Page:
By Hanna Rantala
LONDON (Reuters) – Fourteen years after “In Bruges”, filmmaker Martin McDonagh has brought Irish actors Colin Farrell and Brendan Gleeson back together for male friendship and break-up comedy-drama “The Banshees of Inisherin”.
Set and filmed on an island off the west coast of Ireland, “The Banshees of Inisherin” tells the story of great friends Padraic (Farrell) and Colm (Gleeson). However Colm unexpectedly ends their friendship, delivering an ultimatum should the former bother him.
Reuters spoke to Farrell, Gleeson and McDonagh about the film. Below are edited excerpts.
Q: It’s a story about male friendship, how rare is it to get to explore that on screen?
Farrell: “It’s not so much the friendship, it’s the break-up, the severity of the break-up and the consequences of the break-up and lives in ruination…The confusion of it and the inability to accept it.”
Gleeson: “It’s the emotional consequences of being dumped and of having to dump something that was central to who you were.”
Question: Where did this story come from?
McDonagh: “I always wanted to get Colin and Brendan back together to do something, but to do something quite different to ‘In Bruges’… something a little stranger, maybe a little sadder, hopefully equally funny.”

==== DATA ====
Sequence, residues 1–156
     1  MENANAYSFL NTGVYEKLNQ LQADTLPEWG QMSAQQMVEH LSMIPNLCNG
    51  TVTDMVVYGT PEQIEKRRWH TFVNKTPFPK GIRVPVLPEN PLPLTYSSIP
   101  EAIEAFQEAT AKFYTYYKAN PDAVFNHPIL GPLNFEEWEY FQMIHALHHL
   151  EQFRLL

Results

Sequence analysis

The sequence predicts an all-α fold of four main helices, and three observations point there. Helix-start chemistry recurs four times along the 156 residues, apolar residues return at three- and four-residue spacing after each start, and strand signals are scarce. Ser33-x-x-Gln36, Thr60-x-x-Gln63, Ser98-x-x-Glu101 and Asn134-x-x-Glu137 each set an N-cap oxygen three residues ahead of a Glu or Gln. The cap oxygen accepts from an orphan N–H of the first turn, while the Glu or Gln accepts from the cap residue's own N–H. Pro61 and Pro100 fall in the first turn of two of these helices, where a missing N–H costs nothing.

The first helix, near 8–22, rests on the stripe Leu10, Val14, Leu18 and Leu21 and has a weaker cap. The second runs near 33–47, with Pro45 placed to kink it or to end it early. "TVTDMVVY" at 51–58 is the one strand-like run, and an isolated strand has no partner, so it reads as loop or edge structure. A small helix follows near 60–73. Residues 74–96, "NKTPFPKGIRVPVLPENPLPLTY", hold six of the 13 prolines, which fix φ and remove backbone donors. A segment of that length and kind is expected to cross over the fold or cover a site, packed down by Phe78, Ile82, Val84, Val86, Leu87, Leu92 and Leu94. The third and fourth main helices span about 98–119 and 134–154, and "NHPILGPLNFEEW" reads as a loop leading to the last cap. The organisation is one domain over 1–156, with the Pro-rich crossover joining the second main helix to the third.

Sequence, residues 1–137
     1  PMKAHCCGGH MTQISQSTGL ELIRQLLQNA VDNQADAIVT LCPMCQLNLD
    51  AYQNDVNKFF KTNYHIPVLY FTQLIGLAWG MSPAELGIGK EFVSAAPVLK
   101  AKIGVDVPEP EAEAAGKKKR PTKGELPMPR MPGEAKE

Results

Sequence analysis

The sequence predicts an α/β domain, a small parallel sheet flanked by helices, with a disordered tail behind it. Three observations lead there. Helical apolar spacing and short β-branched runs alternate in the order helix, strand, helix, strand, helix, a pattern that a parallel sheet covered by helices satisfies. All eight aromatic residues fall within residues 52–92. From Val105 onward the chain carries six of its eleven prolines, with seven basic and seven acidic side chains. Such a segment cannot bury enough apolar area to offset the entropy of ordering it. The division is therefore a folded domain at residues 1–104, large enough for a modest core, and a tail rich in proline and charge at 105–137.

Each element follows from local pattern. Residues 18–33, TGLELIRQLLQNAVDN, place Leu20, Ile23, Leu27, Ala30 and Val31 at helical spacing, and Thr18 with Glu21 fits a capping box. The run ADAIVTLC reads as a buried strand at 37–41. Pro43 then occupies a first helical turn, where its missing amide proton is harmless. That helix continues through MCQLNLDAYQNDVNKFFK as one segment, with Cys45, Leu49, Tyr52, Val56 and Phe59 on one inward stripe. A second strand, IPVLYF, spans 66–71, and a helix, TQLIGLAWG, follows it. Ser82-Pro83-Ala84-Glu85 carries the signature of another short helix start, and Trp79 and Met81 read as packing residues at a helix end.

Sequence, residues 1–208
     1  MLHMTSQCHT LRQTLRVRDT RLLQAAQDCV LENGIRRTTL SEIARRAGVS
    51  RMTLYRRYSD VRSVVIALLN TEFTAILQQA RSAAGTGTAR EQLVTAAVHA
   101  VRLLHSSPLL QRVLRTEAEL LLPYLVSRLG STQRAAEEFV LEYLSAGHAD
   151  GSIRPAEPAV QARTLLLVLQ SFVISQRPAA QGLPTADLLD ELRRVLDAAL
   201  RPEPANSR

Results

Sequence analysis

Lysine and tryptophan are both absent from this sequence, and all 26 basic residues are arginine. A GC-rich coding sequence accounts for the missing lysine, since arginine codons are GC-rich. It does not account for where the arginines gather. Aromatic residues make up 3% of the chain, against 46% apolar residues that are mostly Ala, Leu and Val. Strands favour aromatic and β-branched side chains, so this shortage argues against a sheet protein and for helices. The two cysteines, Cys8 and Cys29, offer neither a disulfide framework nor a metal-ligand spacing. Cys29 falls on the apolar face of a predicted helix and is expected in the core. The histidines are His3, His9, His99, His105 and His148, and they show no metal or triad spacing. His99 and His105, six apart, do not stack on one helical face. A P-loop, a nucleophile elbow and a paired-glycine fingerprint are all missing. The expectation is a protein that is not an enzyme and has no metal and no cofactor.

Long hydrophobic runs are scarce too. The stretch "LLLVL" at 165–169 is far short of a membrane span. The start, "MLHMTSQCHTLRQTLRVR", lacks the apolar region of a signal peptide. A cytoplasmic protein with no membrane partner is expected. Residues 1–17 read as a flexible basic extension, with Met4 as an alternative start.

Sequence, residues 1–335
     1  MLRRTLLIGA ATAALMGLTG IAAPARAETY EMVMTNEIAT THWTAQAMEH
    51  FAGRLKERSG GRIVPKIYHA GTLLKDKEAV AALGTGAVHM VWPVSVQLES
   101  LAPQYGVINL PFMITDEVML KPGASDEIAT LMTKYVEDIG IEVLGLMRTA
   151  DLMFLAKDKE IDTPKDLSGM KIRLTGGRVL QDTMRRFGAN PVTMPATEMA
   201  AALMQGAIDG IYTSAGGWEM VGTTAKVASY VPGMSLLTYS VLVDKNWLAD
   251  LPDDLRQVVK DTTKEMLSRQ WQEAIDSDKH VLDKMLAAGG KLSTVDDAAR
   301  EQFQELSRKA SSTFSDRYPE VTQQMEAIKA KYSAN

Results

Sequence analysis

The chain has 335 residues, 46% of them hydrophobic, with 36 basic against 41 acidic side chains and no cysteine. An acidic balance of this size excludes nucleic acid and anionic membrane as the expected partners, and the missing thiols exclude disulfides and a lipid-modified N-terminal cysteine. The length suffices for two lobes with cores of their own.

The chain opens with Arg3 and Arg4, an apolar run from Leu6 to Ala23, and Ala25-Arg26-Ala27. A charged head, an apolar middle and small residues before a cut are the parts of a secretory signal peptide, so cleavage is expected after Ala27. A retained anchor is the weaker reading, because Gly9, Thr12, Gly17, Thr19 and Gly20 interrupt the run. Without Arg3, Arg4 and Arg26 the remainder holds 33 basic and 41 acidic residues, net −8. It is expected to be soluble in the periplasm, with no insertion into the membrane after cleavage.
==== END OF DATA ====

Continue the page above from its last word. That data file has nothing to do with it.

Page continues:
Q: What was it like knowing Martin wrote these parts for you specifically? You can’t really turn it down, can you?
Gleeson: “First time I ever saw the first iteration, I said ‘what have I done?’ It’s like, why do you want me to be this is cruel, what have I done to you?”
Farrell: “I knew it was going to be sad. That’s the simplest way to call it.”
Q: Was it your intention to have the island be a character of the film too?
McDonagh: “To show Ireland and the west coast, especially as a character, was very important, to make it really beautiful, too, was very important. I think maybe as the film goes on, it’s a little less beautiful and a little more claustrophobic etc. But there’s a beauty in that too…A lot of people after ‘In Bruges’ went to Bruges afterwards. I hope maybe people will go to the west coast after this.”
(Reporting by Hanna Rantala; Editing by Marie-Louise Gumuchian and Angus MacSwan)